During the brief time we were riding along this section we saw 5 other cyclists. We've once again written to VDOT about the problem. What is it going to take for the many non-motorized users of our transportation system to get the respect they deserve?

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Thursday, September 6, 2012

National Bike Challenge results

The National Bike Challenge ended on August 31. FABB had a small team of seven riders, five of whom participated during the entire period. According to the final rankings, FABB was 179th nationally for the entire Challenge period, out of 2,695 teams. As a team we logged 11,157 miles, most of which were for local trips as opposed to recreational rides. The top three riders were Ken Schantz (3,319 miles), me (2,748 miles), and Hunter McCleary (2,443 miles). See how other local teams ranked at Bike SW DC.

Most of Ken's miles were on his commute to work. In the morning he rides from his home in the Hybla Valley area off Route 1 to the Huntington Metro station. He gets there early and can take his bike on the train to his job in suburban Maryland. He often rides home after work.

Hunter's commute is from Vienna to Bethesda and he usually rides both ways. The trip is about 16 miles and takes about the same time as taking Metro. He rides the W&OD Trail to Falls Church. From there he takes West St to the bike lanes on Williamsburg Blvd to Glebe Rd, working his way through neighborhood streets to the Cabin John Chain Bridge. Once in DC he takes the Capital Crescent Trail all the way to Bethesda.

My trips this summer were mostly to meetings related to the county bike plan. There were 8 area meetings, 2 countywide community meetings, 5 focus group meetings, bicycle advisory committee meetings, and others. I also traveled to events where FABB had a table, FABB monthly meetings, meetings of the Tysons Bike Group, Partnership for a Healthier Fairfax meetings, WABA board meetings, not to mention the trips to the local Y. It was a busy summer and I rarely drove my car. My wife and I usually log many more miles on our bikes than our cars.

I usually don't count miles but it was fun and interesting to track the miles I rode this summer. It's really not that important how many miles we ride as long as we ride. Short trips to the store or work count as much or more than a long recreational ride; there are more of them and they are an example to others that it is possible to take most of our local trips by bike.


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Phoenix Bikes used bike sale

If you're in the market for a bike, Phoenix Bikes, the Arlington-based community bike shop, is holding a used bike sale on Saturday, Sept. 8 at Big Bear Cafe, 1700 First St NW, DC. A good used bike can be a great deal. A not-so-expensive bike is great for rides to Metro and other places where there's a bike theft problem. If you don't already have a bike, a used bike is a good way to get started riding.

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Monday, September 3, 2012

Volunteers need for Fairfax bike rodeo

FABB is leading a bike rodeo on Sunday September 23 2-4 PM in the City of Fairfax. Volunteers are needed to help with registration and with conducting the rodeo. The event will be in Old Town Fairfax across the street from Oasis BikeWorks and is part of “Discover Fairfax,” which is being organized by the Downtown Business Association. If you are interested in volunteering for the rodeo, contact Douglas Stewart at or 703-407-2790.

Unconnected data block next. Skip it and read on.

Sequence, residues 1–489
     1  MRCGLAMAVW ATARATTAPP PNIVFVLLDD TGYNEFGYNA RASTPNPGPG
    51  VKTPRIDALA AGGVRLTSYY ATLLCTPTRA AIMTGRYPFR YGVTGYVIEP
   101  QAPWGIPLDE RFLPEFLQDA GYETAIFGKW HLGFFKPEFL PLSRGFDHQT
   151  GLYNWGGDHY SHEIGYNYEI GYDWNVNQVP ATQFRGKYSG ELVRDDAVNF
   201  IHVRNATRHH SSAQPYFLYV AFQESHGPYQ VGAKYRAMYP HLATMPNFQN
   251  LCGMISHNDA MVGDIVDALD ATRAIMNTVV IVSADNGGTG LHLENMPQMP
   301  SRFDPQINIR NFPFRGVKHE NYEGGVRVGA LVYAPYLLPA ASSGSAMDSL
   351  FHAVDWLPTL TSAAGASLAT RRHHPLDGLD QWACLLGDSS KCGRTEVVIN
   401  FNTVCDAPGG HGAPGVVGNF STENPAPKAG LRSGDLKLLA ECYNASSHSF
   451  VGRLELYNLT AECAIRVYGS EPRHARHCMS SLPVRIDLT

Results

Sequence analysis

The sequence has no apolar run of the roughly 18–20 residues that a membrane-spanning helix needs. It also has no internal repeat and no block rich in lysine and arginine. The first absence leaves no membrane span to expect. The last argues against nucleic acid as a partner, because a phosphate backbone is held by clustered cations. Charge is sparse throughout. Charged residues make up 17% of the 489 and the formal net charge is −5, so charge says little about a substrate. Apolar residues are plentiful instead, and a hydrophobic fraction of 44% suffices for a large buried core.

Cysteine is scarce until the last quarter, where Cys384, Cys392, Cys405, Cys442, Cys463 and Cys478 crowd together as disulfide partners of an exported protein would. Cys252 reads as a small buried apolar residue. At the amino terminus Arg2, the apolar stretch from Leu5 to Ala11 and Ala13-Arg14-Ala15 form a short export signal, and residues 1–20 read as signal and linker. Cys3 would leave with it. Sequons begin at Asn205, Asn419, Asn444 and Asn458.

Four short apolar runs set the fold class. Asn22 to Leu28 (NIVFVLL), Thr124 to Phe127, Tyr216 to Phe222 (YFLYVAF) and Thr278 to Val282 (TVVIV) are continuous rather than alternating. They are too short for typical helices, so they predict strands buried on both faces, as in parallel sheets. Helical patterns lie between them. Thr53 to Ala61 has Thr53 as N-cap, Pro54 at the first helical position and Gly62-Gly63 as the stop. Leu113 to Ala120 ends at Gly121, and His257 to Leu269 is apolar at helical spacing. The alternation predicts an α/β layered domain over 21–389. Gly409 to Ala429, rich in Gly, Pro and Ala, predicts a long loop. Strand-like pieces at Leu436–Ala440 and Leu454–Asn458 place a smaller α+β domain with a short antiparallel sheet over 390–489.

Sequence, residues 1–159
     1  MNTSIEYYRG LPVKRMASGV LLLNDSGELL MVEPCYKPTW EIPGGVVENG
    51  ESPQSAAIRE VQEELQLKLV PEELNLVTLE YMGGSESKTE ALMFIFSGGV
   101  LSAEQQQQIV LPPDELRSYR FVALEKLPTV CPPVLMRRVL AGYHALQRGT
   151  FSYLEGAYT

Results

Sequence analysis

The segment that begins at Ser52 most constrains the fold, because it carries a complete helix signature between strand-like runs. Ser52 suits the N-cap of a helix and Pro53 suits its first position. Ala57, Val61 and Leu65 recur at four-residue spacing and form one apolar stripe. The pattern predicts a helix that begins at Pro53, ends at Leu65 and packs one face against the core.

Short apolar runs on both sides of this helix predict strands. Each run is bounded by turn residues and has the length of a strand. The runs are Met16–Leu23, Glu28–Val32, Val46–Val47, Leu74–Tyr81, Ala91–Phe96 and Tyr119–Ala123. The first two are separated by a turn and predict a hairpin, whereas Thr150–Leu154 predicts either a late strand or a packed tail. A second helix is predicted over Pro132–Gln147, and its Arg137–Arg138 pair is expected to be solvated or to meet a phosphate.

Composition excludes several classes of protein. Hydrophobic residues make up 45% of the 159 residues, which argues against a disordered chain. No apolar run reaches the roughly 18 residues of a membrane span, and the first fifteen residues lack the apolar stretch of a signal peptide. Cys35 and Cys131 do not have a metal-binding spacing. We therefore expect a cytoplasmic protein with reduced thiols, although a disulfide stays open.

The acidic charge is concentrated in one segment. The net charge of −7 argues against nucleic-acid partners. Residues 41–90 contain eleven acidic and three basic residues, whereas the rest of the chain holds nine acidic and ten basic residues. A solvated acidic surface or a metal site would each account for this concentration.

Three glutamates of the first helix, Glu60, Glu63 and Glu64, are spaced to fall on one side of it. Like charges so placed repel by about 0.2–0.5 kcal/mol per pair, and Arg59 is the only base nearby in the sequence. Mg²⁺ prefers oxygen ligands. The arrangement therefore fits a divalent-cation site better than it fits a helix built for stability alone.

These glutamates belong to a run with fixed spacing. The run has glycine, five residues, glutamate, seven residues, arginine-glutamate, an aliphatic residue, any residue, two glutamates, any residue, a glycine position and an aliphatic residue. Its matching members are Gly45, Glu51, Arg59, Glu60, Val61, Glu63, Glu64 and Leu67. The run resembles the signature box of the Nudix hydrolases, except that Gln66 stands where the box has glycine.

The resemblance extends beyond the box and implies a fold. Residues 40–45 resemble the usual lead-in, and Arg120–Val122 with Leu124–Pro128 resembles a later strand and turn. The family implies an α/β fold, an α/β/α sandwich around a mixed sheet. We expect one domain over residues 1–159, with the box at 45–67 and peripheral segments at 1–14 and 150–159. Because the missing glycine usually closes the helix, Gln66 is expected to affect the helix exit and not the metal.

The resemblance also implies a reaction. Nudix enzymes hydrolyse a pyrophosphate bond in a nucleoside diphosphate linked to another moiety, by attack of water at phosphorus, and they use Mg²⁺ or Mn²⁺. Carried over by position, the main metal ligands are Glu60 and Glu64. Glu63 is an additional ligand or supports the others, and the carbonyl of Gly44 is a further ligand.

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Sharrows in Fairfax City

‘Sharrows’ Remind Motorists to Share the Road With Bikers is a recent article in Fairfax News about planned sharrows on Old Lee Highway:
The city, George Mason University and Fairfax County created the Mason-to-Metro Initiative, with recommendations to improve sign system and map, on-road bicycle facilities and trails.

This fall, the city plans to install shared-use lane markings on sections of Old Lee Highway. These markings, “sharrows,” are two chevrons pointing forward with a bicycle symbol below. Sharrows are used to indicate to cyclists where they should ride in the road. Sharrows also alert motorists to expect bicyclists to share the road.

The city also plans to install signs on Old Lee Highway reinforcing the message to share the road.

Sharrows currently mark the bike lanes on George Mason Boulevard and University Drive between the university and Old Town Fairfax.

Bicyclists have the same rights and responsibilities as motorists on the road.
Minor correction: The sharrows on George Mason Blvd and University Dr are not bike lanes. The sharrows are used because there is not enough space for bike lanes. They indicate where cyclists should position themselves in the lane and they signal to motorists to expect cyclists riding in the lane.

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Saturday, September 1, 2012

September-October FABB Newsletter now available

A bi-monthly publication of Fairfax Advocates for Better Bicycling

Fairfax Bike Summit - Pedaling Our Way to a Healthier and Happier Community

We're excited to announce the inaugural Fairfax Bike Summit on October 27 at George Mason University (GMU). The purpose of the summit is to bring together current and future bicyclists, bicycle organizations, bike shops, and transportation professionals to discuss how to make Fairfax a better place to live by making bicycling a major component of the transportation system.

Hear from nationally known speakers including Andy Clarke, President of the League of American Bicyclists, who lives in Fairfax County; Chris Eatough of BikeArlington; and Stewart Schwartz of the Coalition for Smarter Growth. You can also check out the latest transportation bikes and gear from local bike shops.

Register online for free. Attendance is limited to 200 people. Display space is free and available for bicycle businesses and organizations. The event will be held at The HUB at GMU in the Front-Middle Ballroom, 4400 University Dr., Fairfax, VA 22030. Further information is available at and